Yoon, with National Interest in Mind, Ready to Face Domestic Criticism

AP Photo / Ahn Young-joon
South Korean civic groups hold up red cards during a rally against the South Korean government’s announcement of a plan over the issue of compensation for requisitioned workers at the National Assembly in Seoul on Tuesday.

SEOUL — South Korean President Yoon Suk-yeol has pledged to resolve the issue of former requisitioned workers from the Korean Peninsula and restart mutual visits with Japan.

Yoon carried out his pledges at the risk of receiving criticism from the South Korean public because he believes that strengthening security, economic and other cooperation with Japan will directly serve his country’s national interest.

According to the Yonhap news agency, Yoon emphasized at a State Council meeting Tuesday that he had merely implemented his pledges.

A senior South Korean government official said to The Yomiuri Shimbun that Yoon had told his close aides that “Japan is a liberal democratic country like South Korea and if there are history issues [between the two countries], we should resolve them.”

With the North Korean threat growing, there is an urgent need to strengthen cooperation between Japan, the United States and South Korea.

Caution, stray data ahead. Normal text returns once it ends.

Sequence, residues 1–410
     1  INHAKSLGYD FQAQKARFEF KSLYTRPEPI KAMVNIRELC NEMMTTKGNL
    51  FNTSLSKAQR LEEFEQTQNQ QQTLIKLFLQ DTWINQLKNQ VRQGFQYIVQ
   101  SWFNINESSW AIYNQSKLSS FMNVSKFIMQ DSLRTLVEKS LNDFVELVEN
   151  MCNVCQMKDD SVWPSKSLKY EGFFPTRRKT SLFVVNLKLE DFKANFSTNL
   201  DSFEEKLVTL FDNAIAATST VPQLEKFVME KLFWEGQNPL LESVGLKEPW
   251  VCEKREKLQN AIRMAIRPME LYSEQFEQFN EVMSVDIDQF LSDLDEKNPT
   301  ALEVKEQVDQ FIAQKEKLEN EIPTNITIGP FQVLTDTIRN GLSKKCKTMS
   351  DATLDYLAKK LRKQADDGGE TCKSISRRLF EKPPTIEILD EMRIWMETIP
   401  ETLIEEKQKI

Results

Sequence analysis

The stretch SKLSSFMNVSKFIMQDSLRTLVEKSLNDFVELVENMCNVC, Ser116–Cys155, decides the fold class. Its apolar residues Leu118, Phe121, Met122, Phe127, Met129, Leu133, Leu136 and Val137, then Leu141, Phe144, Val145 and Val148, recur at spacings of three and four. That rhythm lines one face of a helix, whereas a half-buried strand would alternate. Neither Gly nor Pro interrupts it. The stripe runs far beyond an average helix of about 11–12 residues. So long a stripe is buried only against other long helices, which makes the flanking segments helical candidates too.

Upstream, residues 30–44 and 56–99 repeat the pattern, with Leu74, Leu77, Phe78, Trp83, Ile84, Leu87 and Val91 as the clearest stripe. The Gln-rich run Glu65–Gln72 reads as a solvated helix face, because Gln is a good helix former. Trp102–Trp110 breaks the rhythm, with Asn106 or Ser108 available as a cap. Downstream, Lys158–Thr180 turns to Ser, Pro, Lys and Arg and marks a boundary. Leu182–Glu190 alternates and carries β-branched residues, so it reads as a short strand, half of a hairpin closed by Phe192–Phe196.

Almost a year has passed since Yoon was elected president, and he is now clearly showing his stance, which the abovementioned official views as being “rational and pragmatic.”

At a ceremony to commemorate the March First Independence Movement against Japanese colonial rule, Yoon called Japan a “partner” of South Korea. This marked a shift from the hard-line policy toward Japan of some of his predecessors’ administrations that had brought history issues to the fore.

“This is probably because Yoon is not a career politician, so he does not need to care about his own political base,” a source said.

According to an opinion poll conducted by South Korean polling firm Realmeter on Tuesday and Wednesday, only about 40% of all respondents supported the South Korean government’s plan to resolve the issue of former requisitioned workers. Support reached about 60% among conservatives while it stood at about 30% among centrists and about 20% among leftists.

While slightly less than 70% of all respondents said the Japan-South Korean relationship needed to be improved, there is a strong opposition within the country against a rapid improvement in the bilateral ties.

Since Yoon’s party does not have a majority in the National Assembly, he will face difficulties running national affairs until the end of his five-year term unless the party wins the general elections next spring. Before the election campaign gets fully underway, Yoon apparently wanted to move to resolve the issue, which is certain to trigger criticism from the public.